Fordham Law Mourns Death of Hon. Deborah A. Batts, First African American Faculty Member


The Fordham Law community is mourning the death of Honorable Deborah A. Batts, the Law School’s first African American faculty member and a U.S. District Judge for the Southern District of New York. Batts passed away in her sleep on February 3, 2020, at the age of 72. She is survived by her wife, Dr. Gwen Zornberg, and her children, James and Alexandra McCown.

“Judge Batts was a beloved member of our community and will be greatly missed. We are grateful to her for her brilliance, passion and friendship. As the first African American to receive tenure at Fordham Law and the first openly LGBTQ federal judge, she broke barriers and opened doors,” said Matthew Diller, dean of Fordham Law School. “Since joining the federal bench, we have been fortunate to hold on to her as a superb teacher of trial advocacy and a dear friend. She was a mentor to students and faculty alike. We will miss her sharp sense of humor and the joy that she took in life.”

Professor Emeritus Maria Marcus, Professor Helen Bender '78, Judge Batts, and Dean Matthew Diller

(L-R) Professor Emeritus Maria Marcus, Professor Helen Bender ’78, Judge Batts, and Dean Matthew Diller

Batts joined Fordham Law School as a professor of law in 1984 and became a tenured associate professor of law in May 1990. She taught Property, Legal Research and Writing, Federal Criminal Pre-Trial Procedure, Domestic Relations, and an advanced Domestic Relations Seminar on non-traditional families until 1994. She resigned her tenure that year and became the first openly LGBTQ judge on the federal bench after being nominated by President Bill Clinton. 

Batts later returned to Fordham as an adjunct professor who taught Trial Advocacy during the course of her 25-year career on the bench. She was the main speaker at the Fordham Law 100 Year of Women event in 2019 titled “Women on the Record: Who Speaks and Why? — Women in Criminal Law.”

Judge Batts in 1989

Judge Batts in 1989. Photo from FLASH/The Fordham Law Maloney library archive.

Batts received her undergraduate degree from Radcliffe College in 1969 and graduated from Harvard Law School in 1972, where she served on the editorial board of the Civil Rights Civil Liberties Law Review. Upon graduation, she clerked for Judge Pierce, then a U.S. District Court Judge for the Southern District of New York. In 1973, Batts became an associate at Cravath, Swaine & Moore in the litigation department. In 1979, she became an assistant U.S. attorney in the Southern District of New York in the Criminal Division.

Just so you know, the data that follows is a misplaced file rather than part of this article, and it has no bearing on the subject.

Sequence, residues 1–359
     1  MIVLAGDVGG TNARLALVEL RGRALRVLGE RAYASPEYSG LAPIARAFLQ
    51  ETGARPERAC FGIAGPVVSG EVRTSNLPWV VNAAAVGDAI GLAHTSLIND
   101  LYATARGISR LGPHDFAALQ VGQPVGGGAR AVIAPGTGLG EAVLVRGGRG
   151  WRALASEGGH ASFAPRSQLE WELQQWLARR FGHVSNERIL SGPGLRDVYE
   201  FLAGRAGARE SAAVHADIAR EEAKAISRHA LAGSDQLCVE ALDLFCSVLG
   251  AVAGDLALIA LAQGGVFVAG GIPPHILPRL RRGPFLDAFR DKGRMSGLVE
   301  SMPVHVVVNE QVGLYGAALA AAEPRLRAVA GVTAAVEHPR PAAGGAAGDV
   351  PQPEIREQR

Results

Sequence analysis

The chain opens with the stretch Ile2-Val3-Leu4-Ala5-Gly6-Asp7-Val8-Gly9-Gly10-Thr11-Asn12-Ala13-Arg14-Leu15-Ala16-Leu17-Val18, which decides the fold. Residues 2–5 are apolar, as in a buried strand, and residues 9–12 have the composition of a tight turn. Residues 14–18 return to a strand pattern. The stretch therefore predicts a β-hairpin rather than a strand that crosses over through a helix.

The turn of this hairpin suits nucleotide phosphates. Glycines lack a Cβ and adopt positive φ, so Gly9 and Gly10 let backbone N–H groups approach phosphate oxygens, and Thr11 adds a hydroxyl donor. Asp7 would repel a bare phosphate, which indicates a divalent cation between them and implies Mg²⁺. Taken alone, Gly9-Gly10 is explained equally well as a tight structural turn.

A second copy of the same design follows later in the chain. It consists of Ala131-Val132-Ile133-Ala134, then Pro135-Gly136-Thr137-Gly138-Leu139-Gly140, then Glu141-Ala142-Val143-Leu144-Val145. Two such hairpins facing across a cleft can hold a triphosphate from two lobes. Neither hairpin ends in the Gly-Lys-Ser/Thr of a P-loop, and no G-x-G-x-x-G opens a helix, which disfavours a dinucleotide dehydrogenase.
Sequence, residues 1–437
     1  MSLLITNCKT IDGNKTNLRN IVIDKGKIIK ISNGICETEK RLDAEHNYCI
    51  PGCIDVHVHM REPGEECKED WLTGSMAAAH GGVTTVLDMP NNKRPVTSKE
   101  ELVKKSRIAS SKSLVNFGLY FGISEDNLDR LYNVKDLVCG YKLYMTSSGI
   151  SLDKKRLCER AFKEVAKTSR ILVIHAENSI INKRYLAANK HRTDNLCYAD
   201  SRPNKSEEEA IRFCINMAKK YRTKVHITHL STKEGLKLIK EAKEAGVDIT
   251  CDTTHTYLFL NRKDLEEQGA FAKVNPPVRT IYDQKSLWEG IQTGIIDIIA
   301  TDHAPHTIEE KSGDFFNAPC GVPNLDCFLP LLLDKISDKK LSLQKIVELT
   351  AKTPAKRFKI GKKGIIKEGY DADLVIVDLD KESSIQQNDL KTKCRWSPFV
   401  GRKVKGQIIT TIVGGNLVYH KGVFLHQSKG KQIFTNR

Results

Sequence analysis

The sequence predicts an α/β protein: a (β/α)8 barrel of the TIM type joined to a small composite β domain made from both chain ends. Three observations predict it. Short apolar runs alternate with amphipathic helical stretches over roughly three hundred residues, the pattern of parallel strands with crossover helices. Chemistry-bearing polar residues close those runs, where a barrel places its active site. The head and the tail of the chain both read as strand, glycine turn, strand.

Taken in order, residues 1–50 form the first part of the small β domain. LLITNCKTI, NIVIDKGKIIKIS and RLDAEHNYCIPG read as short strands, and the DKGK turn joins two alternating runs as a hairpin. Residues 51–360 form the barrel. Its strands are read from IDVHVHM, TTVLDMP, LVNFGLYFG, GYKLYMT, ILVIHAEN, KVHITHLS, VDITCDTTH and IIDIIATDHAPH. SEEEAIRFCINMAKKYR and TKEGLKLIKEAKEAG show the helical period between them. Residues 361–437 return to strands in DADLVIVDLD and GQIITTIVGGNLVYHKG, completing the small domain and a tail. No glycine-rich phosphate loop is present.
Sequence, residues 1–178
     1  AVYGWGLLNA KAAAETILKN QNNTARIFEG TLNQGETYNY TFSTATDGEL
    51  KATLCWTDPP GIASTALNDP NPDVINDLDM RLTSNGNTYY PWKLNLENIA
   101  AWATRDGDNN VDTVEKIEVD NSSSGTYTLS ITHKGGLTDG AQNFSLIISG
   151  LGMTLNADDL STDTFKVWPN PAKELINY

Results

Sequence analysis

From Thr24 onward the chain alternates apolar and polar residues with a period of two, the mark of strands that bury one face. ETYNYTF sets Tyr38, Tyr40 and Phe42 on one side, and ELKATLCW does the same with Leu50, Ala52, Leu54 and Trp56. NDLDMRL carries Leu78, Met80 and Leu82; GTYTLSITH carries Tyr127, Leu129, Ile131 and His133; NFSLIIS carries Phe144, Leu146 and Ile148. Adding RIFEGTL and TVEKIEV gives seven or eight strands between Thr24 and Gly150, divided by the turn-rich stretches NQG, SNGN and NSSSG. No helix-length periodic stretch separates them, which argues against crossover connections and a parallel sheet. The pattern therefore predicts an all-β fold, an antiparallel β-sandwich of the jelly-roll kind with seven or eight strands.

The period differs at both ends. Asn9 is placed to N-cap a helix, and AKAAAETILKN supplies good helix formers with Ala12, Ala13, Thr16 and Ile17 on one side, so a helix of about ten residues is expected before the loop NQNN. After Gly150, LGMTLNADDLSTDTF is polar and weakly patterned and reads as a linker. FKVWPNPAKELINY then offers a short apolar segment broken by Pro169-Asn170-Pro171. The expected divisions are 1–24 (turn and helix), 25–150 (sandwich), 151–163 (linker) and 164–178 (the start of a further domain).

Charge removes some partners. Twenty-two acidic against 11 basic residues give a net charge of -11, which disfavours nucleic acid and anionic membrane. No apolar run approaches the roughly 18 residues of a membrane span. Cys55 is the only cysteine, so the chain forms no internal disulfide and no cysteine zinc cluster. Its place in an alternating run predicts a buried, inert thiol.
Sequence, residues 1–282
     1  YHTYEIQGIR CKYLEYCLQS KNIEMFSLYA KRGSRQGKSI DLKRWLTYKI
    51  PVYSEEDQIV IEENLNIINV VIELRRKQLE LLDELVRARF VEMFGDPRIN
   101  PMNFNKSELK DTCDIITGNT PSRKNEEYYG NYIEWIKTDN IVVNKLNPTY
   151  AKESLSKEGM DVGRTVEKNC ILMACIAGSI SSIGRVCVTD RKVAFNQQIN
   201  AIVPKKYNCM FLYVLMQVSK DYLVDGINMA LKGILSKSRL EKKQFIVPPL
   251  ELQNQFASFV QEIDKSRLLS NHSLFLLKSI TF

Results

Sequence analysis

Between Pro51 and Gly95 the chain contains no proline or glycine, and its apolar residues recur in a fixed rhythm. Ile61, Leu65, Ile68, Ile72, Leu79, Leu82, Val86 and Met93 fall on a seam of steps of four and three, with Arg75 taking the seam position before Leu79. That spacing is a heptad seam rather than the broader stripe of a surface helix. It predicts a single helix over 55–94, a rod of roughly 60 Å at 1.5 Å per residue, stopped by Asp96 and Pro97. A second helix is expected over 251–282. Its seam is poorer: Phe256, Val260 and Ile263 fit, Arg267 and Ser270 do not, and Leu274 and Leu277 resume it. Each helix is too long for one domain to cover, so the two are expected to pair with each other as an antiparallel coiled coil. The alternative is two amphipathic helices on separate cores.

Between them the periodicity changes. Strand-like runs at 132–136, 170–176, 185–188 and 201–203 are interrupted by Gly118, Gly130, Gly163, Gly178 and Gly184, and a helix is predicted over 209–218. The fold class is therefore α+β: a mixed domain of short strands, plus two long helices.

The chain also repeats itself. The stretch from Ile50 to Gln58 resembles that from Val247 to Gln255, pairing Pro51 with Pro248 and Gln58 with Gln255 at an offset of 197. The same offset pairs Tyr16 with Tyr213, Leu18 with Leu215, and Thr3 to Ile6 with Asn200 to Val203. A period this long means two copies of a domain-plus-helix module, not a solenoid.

Since 1973, Batts had been a member of various bar associations including the Bar Association of the City of New York, the Metropolitan Black Bar Association, and the Lesbian and Gay Law Association of Greater New York. She also served on various committees of these associations, as well as on the boards of several educational institutions. From 1990 to 1991, Batts served as special associate counsel of the Department of Investigation of the City of New York. From 1990 to 1994, she was a commissioner on the Law Revision Commission, State of New York. In June 2001, she was a team member of the Crowley Program in International Human Rights’ Mission to Ghana, West Africa, to observe the impact on the status of women in the area of inheritance of PNDCL 111, which passed in 1985. Batts was awarded an honorary degree by CUNY School of Law in 1998 and was a member of the CUNY School of Law Board of Visitors.

Judge Batts

Judge Batts. From FLASH/The Fordham Law Maloney library archive.


Read more on Batts’ career and legacy: ABC News, Bloomberg Law, NBC News, and The New York Times.








The funeral service for The Honorable Deborah A. Batts will be on Monday, February 10, at 11am, at the Cathedral of Saint John the Divine.

Cathedral of Saint John the Divine

1047 Amsterdam Ave

New York, NY 10025

Letters of condolences can be sent to the family of The Honorable Deborah A. Batts in care of:

District Executive Office

United States District Court

Southern District of New York

500 Pearl Street

New York, NY 10007

In lieu of flowers, the family requests that donations be made to the following, in memory of The Honorable Deborah A. Batts:

The Family Center

493 Nostrand Avenue

Riverside Park Conservancy

475 Riverside Dr #455, New York, NY 10115

Friends of the Children

204A W 115th St, New York, NY 10026


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